Economy

Negative core WPI inflation and IIP de-growth are disturbing sign: SBI research report

Our Bureau Mumbai | Updated on October 15, 2019 Published on October 15, 2019

The decelerating economy   -  istock.com/alexsl

These are indicating lack of purchasing power and weak demand conditions, says SBI

The negative core Wholesale Price Index (WPI) inflation and de-growth in the Index of Industrial Production (IIP) are a disturbing sign, causing serious concerns about the decelerating economy, according to State Bank of India’s economic research report ‘Ecowrap’.

WPI core inflation, which plunged to negative territory in August 2019, has deteriorated further and declined to a 38-month low to (-) 1.07 per cent in September 2019.

“We believe that core WPI will remain in negative zone for next couple of months and this is bad news for economy as negative core WPI is eventually conveying lack of purchasing power which is a disturbing sign. Simultaneously, core CPI is likely to decline below 4 per cent, indicating weak demand conditions,” said Soumya Kanti Ghosh, Group Chief Economic Adviser, SBI.

Referring to IIP de-growth (-1.1 per cent in July 2019), the report said this has again caused serious concerns about the decelerating economy. Electricity sector, which had been growing well, has shown a decline for the first time, since the new IIP series were released.

“The impact of insisting on Discoms opening Letters of Credit from August 1 for power purchases is having its expected effect - power demand fell by 1.6 per cent in August and now 4.5 per cent in September. Load-shedding is now back reflecting Discom inefficiencies,” opined Ghosh.

Meanwhile, according to the report, thermal coal imports have climbed up to rose to 61 million tonnes last fiscal and it may go 200 million tonnes in 2019-20.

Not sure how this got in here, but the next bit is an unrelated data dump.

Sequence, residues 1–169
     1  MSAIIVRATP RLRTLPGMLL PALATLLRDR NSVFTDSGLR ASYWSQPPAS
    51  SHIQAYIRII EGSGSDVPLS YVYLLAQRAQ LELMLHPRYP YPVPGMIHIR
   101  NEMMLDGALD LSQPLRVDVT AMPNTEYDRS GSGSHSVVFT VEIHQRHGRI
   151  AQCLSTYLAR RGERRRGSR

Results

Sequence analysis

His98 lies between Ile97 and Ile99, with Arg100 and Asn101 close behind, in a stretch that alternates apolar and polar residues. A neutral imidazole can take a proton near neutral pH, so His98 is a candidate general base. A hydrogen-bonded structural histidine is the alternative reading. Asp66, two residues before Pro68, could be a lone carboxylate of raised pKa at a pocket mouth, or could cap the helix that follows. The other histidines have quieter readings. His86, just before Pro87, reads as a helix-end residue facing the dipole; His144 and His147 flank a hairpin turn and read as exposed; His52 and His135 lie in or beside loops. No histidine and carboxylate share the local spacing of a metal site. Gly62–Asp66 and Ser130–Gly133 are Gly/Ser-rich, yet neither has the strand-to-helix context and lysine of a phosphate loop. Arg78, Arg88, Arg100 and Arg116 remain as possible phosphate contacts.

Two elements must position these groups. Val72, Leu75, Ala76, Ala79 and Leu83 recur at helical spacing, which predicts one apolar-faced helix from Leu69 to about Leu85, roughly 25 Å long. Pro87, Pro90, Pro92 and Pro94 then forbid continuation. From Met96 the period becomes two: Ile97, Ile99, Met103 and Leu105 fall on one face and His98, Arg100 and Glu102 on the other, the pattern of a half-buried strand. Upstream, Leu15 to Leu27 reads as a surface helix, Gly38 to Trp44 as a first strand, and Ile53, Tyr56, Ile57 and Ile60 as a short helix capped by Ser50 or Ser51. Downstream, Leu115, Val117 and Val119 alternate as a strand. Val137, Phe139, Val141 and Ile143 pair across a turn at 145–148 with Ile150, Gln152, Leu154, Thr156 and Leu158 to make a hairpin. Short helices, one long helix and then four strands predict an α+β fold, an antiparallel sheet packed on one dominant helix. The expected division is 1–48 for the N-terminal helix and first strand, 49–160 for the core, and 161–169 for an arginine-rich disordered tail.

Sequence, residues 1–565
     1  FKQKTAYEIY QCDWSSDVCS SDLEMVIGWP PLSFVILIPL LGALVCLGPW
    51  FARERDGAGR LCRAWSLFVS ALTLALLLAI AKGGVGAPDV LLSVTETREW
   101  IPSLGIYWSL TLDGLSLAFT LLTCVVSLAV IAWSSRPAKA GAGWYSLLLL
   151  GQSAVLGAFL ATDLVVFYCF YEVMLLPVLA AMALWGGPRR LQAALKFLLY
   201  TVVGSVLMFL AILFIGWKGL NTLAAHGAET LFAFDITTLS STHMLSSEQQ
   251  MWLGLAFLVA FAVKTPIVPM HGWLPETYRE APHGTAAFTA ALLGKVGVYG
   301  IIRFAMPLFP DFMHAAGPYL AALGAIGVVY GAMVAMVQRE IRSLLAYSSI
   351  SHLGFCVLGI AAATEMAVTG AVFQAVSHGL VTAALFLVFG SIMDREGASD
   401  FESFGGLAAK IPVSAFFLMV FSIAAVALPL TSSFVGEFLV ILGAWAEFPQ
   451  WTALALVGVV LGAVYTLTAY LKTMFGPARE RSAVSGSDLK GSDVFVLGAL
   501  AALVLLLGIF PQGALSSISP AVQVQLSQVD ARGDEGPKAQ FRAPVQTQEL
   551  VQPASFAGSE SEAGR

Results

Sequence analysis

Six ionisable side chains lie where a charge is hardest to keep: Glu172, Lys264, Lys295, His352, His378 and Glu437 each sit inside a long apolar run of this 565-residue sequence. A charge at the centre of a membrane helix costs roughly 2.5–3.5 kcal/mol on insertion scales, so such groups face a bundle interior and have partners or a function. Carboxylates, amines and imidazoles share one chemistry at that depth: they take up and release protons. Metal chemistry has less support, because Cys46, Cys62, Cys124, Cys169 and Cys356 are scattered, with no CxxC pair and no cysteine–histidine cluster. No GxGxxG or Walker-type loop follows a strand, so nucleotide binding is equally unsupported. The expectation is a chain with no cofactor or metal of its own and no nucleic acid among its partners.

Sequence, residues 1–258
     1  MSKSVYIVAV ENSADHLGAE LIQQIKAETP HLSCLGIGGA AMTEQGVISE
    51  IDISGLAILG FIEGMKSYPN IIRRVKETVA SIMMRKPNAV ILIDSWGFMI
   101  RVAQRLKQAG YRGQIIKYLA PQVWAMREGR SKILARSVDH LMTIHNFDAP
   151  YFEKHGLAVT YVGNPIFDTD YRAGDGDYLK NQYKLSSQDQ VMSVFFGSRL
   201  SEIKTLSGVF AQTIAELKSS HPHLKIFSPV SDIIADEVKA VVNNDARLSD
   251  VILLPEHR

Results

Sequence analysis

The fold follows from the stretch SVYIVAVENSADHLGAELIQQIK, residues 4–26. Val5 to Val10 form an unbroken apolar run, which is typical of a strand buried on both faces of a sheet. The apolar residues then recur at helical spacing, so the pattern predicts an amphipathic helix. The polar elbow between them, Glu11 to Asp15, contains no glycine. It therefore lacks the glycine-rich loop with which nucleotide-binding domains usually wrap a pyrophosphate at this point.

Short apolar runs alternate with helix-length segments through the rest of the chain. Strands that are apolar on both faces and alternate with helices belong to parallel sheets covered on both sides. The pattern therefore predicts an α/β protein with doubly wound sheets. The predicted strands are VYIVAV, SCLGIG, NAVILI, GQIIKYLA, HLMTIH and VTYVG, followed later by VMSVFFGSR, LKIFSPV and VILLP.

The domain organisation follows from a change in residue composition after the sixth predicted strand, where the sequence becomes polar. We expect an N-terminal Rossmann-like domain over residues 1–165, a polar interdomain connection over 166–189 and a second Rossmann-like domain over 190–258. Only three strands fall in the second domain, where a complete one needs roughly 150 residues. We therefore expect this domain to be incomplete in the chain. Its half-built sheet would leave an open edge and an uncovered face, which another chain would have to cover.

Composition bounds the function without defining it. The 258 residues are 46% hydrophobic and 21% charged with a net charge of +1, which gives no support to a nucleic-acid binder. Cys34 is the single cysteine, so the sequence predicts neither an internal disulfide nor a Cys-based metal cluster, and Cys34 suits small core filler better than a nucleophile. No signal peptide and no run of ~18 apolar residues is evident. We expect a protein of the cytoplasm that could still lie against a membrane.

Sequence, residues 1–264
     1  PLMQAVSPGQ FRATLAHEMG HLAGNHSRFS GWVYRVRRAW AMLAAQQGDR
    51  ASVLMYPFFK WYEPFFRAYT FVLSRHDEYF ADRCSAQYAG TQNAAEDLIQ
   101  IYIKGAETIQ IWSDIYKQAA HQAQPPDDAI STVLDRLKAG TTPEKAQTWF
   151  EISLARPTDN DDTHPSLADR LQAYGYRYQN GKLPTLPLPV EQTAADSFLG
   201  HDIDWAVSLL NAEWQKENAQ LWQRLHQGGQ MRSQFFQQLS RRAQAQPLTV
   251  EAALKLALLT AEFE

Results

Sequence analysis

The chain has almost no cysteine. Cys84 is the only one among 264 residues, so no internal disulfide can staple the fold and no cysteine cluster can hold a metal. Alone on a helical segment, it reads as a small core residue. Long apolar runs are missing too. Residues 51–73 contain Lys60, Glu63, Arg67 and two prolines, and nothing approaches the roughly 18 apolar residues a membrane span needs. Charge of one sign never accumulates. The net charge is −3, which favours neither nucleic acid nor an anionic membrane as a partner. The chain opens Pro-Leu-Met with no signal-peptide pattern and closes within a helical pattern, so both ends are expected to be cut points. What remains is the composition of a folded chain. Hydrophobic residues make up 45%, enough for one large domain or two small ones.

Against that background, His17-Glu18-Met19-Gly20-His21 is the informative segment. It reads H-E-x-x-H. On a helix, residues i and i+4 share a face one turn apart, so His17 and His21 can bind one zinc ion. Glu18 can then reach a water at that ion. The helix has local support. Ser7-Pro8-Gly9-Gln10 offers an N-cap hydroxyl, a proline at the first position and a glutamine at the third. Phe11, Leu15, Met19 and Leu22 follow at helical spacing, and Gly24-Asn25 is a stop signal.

“Thus, both the Electricity and Mining sector growth will remain weak in coming months. All this augurs for weak IIP prints going forward,” it said.

Referring to the consumer prices was up by 3.99 per cent in September (2019) from last year’s level of 3.70 per cent and month before level of 3.28 per cent, the report said this is the highest CPI (consumer price index) figure since July 2018.

Driven by higher food prices

The spike, up from the August 2019 numbers of 3.28 per cent, is driven by higher food prices. The jump in food and beverages inflation in Rural and Urban areas is primarily driven by jump in vegetable and protein components.

“We believe such a jump is seasonal and though headline inflation has ticked up, there is wide expectation that the prices may soften in a couple of months, once the kharif harvest arrives in the market. Going forward, we expect better supplies on the food front which may ease the pressure on food prices,” the report said.

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Published on October 15, 2019
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